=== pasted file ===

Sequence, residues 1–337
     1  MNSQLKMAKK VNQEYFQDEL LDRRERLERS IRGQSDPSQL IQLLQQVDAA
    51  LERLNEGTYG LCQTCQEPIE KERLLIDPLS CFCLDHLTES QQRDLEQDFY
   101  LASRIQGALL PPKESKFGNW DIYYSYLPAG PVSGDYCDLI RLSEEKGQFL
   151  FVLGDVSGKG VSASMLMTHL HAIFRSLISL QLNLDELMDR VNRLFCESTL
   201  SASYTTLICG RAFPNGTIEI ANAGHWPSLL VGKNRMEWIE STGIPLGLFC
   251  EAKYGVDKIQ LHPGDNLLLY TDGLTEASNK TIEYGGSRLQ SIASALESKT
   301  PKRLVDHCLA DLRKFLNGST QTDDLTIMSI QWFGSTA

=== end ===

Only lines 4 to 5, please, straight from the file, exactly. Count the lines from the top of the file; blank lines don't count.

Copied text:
   101  LASRIQGALL PPKESKFGNW DIYYSYLPAG PVSGDYCDLI RLSEEKGQFL
   151  FVLGDVSGKG VSASMLMTHL HAIFRSLISL QLNLDELMDR VNRLFCESTL